Reinhard Köchl talks to Eva Svensson about her husband, Swedish pianist Esbjörn Svensson who died 14 years ago, about his musical approach, as well as about the tapes of a solo recording that lay dormant over many years and is now being released posthumously (Die Zeit). Ted Gioia remembers how he first got hooked on E.S.T., the Esbjörn Svensson Trio, and then listens to Svensson's posthumous solo album as well (The Honest Broker). --- Chris Searle talks to Venezuelan pianist Luis Perdomo about his road to jazz, as well as about his latest album which celebrates "Musica de Los Americas", the roots of Latin American and Caribbean music (Morning Star).

Ethan Iverson listens to George Russell's first three albums as leader, "The Jazz Workshop" from 1956, "New York, N.Y." from 1959, as well as "Jazz in the Space Age" from 1960 (Do the Math). --- Ammar Kalia looksk, NY" from " three albnalbnums  who died .zeit.de>, 15.Nov.2022 (F) digi.copy]t>, 12.N at the influence of trumpeter Don Cherry and talks to percussionist Kahil El'Zabar who had met Cherry in 1975 in Paris, to pianist David Ornette Cherry, Don's son, as well as to pianist Ana Ruiz who gave workshops together with Cherry in Mexico in 1977 (The Guardian).

Alex Greene talks to Delfeayo Marsalis about the trombone as one of the trademarks of New Orleans jazz, about his music education, about what he calls "riff-based jazz", as well as about his current musical activities (Memphis Flyer). --- Tobias Lehmkuhl listens to "Autumn Leaves" in its French original version as well as in different versions between jazz and pop, finds a tendency to elaborate on clichés in some recordings, and asks why none of the musicians of the current jazz avant-garde ever recorded the song (our explanation would be: because they don't record too many other standards either) (Frankfurter Allgemeine Zeitung).

Sunil Sampat talks to pianist Monty Alexander about changes in the music scene, about influences like Duke Ellington, Oscar Peterson, Ahmad Jamal and others, about how meeting Louis Armstrong as a boy after a concert in Jamaica made him decide to become a jazz musician, as well as about accompanying Frank Sinatra one evening when the singer happened to come into a club he played in (Rolling Stone India). --- Ammar Kalia talks to six younger musicians who stand for what he calls a "British jazz renaissance", namely drummer Myele Manzanza, saxophonist Camilla George, singer Georgia Cécile, saxophonist Jasmine Myra, saxophonist Xhosa Cole, and harpist Davina Adeosun-Bright aka Muva of Earth (The Guardian).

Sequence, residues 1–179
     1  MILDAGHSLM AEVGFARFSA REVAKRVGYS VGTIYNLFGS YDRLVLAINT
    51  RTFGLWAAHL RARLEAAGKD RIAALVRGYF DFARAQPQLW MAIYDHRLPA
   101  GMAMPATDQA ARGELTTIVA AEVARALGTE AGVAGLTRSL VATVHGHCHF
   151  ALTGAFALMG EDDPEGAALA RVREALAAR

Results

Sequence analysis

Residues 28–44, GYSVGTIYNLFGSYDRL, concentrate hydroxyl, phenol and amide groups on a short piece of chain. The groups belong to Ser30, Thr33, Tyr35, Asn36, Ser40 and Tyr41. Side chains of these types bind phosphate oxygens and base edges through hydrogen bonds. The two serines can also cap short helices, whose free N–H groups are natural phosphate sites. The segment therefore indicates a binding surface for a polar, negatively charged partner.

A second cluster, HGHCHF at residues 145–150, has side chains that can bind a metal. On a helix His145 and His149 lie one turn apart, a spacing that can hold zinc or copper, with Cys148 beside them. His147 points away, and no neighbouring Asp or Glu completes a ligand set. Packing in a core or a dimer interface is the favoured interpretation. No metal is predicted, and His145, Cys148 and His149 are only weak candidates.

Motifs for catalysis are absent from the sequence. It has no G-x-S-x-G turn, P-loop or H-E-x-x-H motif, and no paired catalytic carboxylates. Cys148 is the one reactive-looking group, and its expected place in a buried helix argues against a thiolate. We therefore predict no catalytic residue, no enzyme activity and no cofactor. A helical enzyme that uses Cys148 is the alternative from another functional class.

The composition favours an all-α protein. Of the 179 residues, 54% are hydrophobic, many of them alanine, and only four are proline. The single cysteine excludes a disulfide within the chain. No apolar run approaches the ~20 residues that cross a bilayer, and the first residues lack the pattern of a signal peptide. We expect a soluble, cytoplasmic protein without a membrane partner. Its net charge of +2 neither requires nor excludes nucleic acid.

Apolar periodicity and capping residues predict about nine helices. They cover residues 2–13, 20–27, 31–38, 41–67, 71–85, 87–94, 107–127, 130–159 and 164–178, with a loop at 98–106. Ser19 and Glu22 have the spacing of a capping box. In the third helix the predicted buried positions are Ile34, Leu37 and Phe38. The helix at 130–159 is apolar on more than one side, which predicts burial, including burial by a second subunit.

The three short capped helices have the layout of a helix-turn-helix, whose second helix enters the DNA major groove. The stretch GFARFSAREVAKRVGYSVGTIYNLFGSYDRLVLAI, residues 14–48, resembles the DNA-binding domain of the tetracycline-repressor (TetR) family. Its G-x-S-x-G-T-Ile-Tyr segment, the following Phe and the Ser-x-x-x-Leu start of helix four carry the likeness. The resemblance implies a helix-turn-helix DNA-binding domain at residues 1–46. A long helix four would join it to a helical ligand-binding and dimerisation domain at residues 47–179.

Paton D. Roberts and Eric Yan report about bassist/vocalist/composer Esperanza Spalding's decision to depart Harvard University's music department over a disagreement about a "decolonial education" curriculum which she proposed to implement as a course or initiative, but that "is not (yet) aligned with Harvard's priorities" (The Harvard Crimson). --- Lauren Williams talks to singer Alicia Hall Moran and pianist Jason Moran about their new musical production "Family Ball", about meeting more than 20 years ago while both studied at Manhattan School of Music, as well as about advice Alicia's mother gave her for a successful relationship (WBUR).

Bruce Hardy talks to Lebanese-French trumpeter Ibrahim Maalouf about his father encouraging him to be a trumpet player but not necessarily being happy with the musical road he eventually took, as well as about the power of music being that people even of different convictions share something if they are moved by the music (The New Yorker).


We learned of the passing of British singer Victor Evans at age 88 (BBC), German trumpeter Jörn Anders at age 57 (NWZ), saxophonist Gene Cipriano at age 94 (WBGO), guitarist Mick Goodrick at age 77 (WRTI), Austrian pianist Rudi Wilfer at age 86 (ORF), Czech clarinetist Pavel Smetáček at age 82 (Radio Prague International), as well as Brazilian singer Gal Costa at age 77 (Süddeutsche Zeitung, JazzWax).

From the World of Jazz Research

Destination Unknown: The Future of Jazz

Submissions are arriving for papers and panels for our next Darmstadt Jazzforum conference, 28-30 September 2023. Inspired by Hartmut Geerken's Sun Ra Archive housed at the Jazzinstitut, we have titled the conference: "Destination Unknown. The Future of Jazz".

Our Call for Papers can be found on our website (Destination Unknown) together with a corresponding blog that outlines some of our own thoughts on the subject.

Current entries: (1) The devil you (don't) know; (2) Soothsaying; (3) If you have visions; (4) infinite vastness; (5) just go ahead ... (women in jazz)

If you want to be part of the conference as an active or passive participant, let us know. If you have any ideas for a paper or a panel, write to us. If you want to know what happened at the Jazzforum conferences over the years, browse the website of our publisher (Wolke Verlag, Jazz).

Call for papers:
Piano and pianists in jazz today: overview, heritage and research perspectives